The word “Zealong” is being bandied about in the tea world these days. Not many vendors are carrying it yet, but it is getting better known. This is a tea from New Zealand, a nation comprised of two large islands (and some smaller ones) located southeast of Australia between the Pacific Ocean and the Tasman Sea. Yes, New Zealand has joined the growing list of countries growing teas.
So, just what is “Zealong”? It is an oolong tea from tea leaves grown, harvested, and processed in New Zealand. The growth of tea leaves that could make a suitable oolong with a taste similar enough to Taiwan oolongs began in 1996 with Vincent Chen, the son of Tzu Chen who was the founder of Tranz Group Ltd. The company was based in Taiwan but was expanding to New Zealand and set up in the Waikato region on the western side of the north island. The son began planting the finest tea plants from Taiwan on a piece of vacant land. Starting with 130 plants that had made it past strict inspections of New Zealand’s Ministry of Agriculture, they built up to thousands of plants over 50 hectares.
As of now, there are three kinds of Zealong teas that I know of:
- Pure — sweet, fresh-tasting, unroasted leaves that steep up a pure, naturally flavored liquid.
- Aromatic — briefly roasted leaves at high temperatures that steep up a lightly fruity/floral tasting and smelling liquid.
- Dark — leaves that have been roasted longer and that steep a liquid with a richer, deeper, slightly charcoally taste and smell with no bitterness.
I tried the pure and the dark; both had true oolong characteristics and could undergo several steepings (some say as many as seven). If you own a nice little Yixing teapot, try using it to steep this tea. (I used my buddy, Little Yellow Teapot, and things went fine.) Whatever style of teapot you use, warm it with a bit of boiling water, then cover the bottom of the pot’s interior with tea leaves. Add some boiling water and let the tea leaves sit a few seconds, then pour out the water. This is a “rinse” and gets the tea leaves started, since they will absorb some of the water. Then, add boiling water to fill the teapot and let the leaves steep for one minute. The “rinse” will even out your steeps, so that you don’t have a fairly light first steep, then a strong second steep. Decant the tea from the steeping teapot into another teapot or into cups.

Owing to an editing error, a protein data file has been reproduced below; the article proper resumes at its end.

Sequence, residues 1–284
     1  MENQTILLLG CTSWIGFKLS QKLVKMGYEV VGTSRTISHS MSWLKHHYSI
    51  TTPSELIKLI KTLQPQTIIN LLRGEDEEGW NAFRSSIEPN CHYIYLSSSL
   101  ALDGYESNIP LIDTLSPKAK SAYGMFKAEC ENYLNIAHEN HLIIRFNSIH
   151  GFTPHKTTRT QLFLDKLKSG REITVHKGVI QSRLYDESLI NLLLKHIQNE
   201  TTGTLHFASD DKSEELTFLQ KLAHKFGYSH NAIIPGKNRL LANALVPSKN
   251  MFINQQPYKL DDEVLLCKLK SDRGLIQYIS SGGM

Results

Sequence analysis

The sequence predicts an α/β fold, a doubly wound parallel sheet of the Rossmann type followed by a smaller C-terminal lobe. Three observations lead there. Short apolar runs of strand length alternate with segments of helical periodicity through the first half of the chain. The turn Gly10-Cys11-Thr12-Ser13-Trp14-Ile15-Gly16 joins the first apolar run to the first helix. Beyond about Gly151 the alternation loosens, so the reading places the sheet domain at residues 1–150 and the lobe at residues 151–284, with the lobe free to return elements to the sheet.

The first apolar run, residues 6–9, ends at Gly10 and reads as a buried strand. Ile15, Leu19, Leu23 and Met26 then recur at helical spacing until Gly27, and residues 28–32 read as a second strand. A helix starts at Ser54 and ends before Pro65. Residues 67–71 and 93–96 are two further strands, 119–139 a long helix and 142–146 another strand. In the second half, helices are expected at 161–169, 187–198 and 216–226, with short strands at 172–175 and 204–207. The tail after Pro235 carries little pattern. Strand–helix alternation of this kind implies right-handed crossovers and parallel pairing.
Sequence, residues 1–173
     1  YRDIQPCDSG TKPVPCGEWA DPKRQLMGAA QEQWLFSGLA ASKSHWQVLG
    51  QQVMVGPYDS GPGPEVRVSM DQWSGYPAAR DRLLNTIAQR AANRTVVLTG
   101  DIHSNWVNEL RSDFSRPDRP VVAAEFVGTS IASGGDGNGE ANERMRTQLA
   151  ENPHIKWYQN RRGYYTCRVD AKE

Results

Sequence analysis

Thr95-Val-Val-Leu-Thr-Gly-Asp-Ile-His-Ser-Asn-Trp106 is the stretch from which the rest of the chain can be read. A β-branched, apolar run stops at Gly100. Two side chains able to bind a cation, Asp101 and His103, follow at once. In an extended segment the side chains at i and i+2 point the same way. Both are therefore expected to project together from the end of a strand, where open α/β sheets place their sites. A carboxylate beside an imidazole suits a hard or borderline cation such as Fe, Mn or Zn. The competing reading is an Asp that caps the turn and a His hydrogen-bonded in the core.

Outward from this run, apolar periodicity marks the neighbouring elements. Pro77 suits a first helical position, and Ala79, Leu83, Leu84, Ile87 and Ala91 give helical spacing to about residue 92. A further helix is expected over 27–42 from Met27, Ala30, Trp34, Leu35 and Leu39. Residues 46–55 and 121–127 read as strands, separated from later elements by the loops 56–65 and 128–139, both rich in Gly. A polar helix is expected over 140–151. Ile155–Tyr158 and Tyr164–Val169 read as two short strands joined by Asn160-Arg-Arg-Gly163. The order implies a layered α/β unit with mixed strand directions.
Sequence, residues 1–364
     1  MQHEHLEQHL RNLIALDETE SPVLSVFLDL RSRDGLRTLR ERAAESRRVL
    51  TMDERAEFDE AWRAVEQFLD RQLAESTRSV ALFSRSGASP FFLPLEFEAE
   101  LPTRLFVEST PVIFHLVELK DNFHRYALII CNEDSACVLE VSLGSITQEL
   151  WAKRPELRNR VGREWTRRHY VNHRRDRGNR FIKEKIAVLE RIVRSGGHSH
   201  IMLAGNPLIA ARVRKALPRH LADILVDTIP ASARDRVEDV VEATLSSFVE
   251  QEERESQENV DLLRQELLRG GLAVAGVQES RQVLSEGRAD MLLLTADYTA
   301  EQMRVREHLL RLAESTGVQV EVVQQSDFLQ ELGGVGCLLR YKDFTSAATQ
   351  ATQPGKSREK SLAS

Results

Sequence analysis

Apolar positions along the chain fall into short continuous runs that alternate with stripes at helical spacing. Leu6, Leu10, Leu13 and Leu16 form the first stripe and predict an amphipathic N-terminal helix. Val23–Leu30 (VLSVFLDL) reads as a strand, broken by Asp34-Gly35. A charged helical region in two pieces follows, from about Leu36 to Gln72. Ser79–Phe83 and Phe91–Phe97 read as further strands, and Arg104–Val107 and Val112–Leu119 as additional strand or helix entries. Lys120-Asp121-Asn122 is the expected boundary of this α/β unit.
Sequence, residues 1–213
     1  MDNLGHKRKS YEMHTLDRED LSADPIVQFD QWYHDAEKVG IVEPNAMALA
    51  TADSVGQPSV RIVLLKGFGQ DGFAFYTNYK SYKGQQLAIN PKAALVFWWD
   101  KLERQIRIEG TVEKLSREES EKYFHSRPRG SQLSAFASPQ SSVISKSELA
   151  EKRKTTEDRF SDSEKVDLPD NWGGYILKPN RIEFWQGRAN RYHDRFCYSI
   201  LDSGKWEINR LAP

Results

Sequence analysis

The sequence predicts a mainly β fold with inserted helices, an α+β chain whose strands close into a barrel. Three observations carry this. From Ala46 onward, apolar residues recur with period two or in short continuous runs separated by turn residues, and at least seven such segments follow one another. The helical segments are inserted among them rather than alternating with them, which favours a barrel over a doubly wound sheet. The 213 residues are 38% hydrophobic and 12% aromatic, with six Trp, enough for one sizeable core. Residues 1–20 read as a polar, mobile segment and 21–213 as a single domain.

As with any fine tea, don’t forget to take time to enjoy the tea leaves’ appearance and aroma before and after steeping and to inhale the aroma of the tea liquid with each sip, paying attention to how the flavor hits your tongue and the aftertaste that follows.
A side note: Both Australia and New Zealand have plants called “tea trees” that should not be confused with true tea from Camellia Sinensis or one of its varietals. The “tea tree” in New Zealand is Leptospermum scoparium (also called “Manuka”), and in Australia the “tea tree” is really Melaleuca alternifolia. Honey made from the New Zealand Manuka (usually labeled “New Zealand Tea Tree Manuka honey”) is seeing a growing worldwide demand, expanding the call for skilled apiarists.
I hope this has given you a bit of an urge to try this relatively new tea on the market. Enjoy!
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